Analytical and Bioanalytical Chemistry

, Volume 387, Issue 5, pp 1621–1631 | Cite as

Biomolecular profiling of metastatic prostate cancer cells in bone marrow tissue using FTIR microspectroscopy: a pilot study

  • E. Gazi
  • J. Dwyer
  • N. P. Lockyer
  • P. Gardner
  • J. H. Shanks
  • J. Roulson
  • C. A. Hart
  • N. W. Clarke
  • M. D. Brown
Original Paper


Prostate cancer (CaP) cells preferentially metastasise to the bone marrow, a microenvironment that plays a substantial role in the sustenance and progression of the CaP tumour. Here we use a combination of FTIR microspectroscopy and histological stains to increase molecular specificity and probe the biochemistry of metastatic CaP cells in bone marrow tissue derived from a limited source of paraffin-embedded biopsies of different patients. This provides distinction between the following dominant metabolic processes driving the proliferation of the metastatic cells in each of these biopsies: glycerophospholipid synthesis from triacylglyceride, available from surrounding adipocytes, in specimen 1, through significantly high (p ≤ 0.05) carbohydrate (8.23 ± 1.44 cm−1), phosphate (6.13 ± 1.5 cm−1) and lipid hydrocarbon (24.14 ± 5.9 cm−1) signals compared with the organ-confined CaP control (OC CaP), together with vacuolation of cell cytoplasm; glycolipid synthesis in specimen 2, through significantly high (p ≤ 0.05) carbohydrate (5.51 ± 0.04 cm−1) and high lipid hydrocarbon (17.91 ± 2.3 cm−1) compared with OC CaP, together with positive diastase-digested periodic acid Schiff staining in the majority of metastatic CaP cells; glycolysis in specimen 3, though significantly high (p ≤ 0.05) carbohydrate (8.86 ± 1.78 cm−1) and significantly lower (p ≤ 0.05) lipid hydrocarbon (11.67 ± 0.4 cm−1) than OC CaP, together with negative diastase-digested periodic acid Schiff staining in the majority of metastatic CaP cells. Detailed understanding of the biochemistry underpinning the proliferation of tumour cells at metastatic sites may help towards refining chemotherapeutic treatment.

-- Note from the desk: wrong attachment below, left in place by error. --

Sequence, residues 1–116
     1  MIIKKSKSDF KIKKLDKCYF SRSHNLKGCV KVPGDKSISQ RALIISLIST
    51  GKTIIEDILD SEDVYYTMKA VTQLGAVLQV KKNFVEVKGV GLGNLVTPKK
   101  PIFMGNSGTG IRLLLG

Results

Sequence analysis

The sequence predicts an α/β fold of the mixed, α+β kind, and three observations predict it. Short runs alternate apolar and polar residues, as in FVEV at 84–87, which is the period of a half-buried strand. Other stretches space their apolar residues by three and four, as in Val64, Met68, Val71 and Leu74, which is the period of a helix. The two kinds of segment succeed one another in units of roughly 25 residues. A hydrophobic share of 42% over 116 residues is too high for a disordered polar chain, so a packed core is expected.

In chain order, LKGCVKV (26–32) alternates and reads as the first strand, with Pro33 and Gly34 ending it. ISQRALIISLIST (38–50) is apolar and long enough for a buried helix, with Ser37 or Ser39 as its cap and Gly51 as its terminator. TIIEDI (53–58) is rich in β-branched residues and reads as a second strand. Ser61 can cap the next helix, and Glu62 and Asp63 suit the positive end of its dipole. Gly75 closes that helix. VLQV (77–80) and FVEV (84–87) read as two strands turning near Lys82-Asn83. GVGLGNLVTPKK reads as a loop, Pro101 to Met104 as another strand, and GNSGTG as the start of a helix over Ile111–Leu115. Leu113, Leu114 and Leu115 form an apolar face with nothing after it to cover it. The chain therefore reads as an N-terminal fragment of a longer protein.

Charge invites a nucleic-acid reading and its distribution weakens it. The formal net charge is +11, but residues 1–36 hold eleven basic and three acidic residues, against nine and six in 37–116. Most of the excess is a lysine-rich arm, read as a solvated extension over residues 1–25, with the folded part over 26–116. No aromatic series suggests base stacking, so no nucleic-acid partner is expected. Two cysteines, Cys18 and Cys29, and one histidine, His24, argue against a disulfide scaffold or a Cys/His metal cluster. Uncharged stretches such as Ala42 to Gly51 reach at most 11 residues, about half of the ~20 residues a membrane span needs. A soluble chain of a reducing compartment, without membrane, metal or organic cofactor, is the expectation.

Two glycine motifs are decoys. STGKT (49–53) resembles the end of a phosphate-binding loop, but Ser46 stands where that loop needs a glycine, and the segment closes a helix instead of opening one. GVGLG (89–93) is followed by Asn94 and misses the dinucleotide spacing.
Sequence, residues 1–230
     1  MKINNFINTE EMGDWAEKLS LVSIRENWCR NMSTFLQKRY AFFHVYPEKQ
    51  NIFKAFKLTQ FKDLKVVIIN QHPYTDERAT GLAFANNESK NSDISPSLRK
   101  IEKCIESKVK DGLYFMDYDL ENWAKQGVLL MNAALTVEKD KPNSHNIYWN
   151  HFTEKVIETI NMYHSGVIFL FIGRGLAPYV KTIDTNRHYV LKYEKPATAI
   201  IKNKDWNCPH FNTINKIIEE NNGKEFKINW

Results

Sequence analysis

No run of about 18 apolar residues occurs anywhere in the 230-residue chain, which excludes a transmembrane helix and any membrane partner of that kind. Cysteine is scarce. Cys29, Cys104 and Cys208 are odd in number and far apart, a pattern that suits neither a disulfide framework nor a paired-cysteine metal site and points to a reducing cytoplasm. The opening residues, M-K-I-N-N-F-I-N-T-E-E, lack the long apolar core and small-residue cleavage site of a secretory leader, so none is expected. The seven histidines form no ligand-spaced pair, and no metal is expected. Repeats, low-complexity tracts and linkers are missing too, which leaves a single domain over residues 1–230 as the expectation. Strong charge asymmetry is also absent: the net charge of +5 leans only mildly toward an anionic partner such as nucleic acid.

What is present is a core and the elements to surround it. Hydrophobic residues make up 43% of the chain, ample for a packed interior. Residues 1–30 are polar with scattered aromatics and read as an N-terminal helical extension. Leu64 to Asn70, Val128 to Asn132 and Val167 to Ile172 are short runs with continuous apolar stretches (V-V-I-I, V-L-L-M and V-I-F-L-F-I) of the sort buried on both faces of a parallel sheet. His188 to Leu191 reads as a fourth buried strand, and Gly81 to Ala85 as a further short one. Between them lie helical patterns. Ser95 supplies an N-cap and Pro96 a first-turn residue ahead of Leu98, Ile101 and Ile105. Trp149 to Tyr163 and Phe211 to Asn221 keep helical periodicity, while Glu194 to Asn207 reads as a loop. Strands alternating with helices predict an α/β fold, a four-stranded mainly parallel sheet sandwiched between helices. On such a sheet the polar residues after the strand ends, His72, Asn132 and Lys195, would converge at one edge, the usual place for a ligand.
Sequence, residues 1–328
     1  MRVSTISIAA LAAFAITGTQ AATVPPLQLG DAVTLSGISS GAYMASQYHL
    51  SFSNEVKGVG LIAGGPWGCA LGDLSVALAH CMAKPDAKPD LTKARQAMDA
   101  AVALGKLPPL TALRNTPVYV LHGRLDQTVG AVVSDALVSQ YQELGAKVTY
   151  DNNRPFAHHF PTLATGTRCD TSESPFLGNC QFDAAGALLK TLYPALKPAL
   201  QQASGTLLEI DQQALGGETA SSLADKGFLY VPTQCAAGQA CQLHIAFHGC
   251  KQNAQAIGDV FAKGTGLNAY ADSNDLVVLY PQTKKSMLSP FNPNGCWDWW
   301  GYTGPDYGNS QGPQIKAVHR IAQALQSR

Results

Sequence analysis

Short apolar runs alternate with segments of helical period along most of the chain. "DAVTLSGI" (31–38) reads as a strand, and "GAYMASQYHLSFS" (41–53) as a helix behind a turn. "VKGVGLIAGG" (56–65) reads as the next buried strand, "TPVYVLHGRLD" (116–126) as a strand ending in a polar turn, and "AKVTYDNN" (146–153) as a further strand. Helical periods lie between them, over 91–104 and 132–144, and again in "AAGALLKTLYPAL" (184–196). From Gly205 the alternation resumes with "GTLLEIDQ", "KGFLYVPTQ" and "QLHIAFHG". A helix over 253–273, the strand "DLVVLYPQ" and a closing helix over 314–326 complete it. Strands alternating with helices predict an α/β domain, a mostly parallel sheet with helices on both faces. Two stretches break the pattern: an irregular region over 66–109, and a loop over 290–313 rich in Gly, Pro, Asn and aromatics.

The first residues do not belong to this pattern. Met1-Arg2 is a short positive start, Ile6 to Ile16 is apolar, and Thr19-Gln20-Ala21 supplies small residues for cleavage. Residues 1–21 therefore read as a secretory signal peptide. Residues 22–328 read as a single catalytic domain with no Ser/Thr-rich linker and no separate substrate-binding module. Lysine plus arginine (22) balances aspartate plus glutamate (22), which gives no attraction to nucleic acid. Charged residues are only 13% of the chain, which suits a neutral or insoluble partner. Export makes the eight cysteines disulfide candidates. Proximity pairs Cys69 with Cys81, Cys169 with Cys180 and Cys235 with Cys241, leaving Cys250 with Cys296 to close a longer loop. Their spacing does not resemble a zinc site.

Prostate cancer Infrared microspectroscopy Metastases Lipid 



We acknowledge EPSRC and AICR for financial support (E.G). We gratefully thank Mr. Gary Ashton and Miss Caron Abbey (Department of Histology, CR-UK Paterson Institute) for the preparation of histological sections and Dr. Fariba Bahrami (Daresbury Laboratory, UK) for help during SR-FTIR microspectroscopy measurements.


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Copyright information

© Springer-Verlag 2007

Authors and Affiliations

  • E. Gazi
    • 1
    • 3
  • J. Dwyer
    • 1
  • N. P. Lockyer
    • 1
  • P. Gardner
    • 1
  • J. H. Shanks
    • 2
  • J. Roulson
    • 2
    • 3
  • C. A. Hart
    • 3
  • N. W. Clarke
    • 3
    • 4
  • M. D. Brown
    • 3
  1. 1.School of Chemical Engineering and Analytical ScienceThe University of ManchesterManchesterUK
  2. 2.Histopathology DepartmentChristie Hospital NHS TrustManchesterUK
  3. 3.ProMPT Genito Urinary Cancer Research Group, The Paterson Institute for Cancer ResearchThe University of Manchester, Christie Hospital NHS TrustManchesterUK
  4. 4.Department of UrologyHope Hospital NHS TrustManchesterUK

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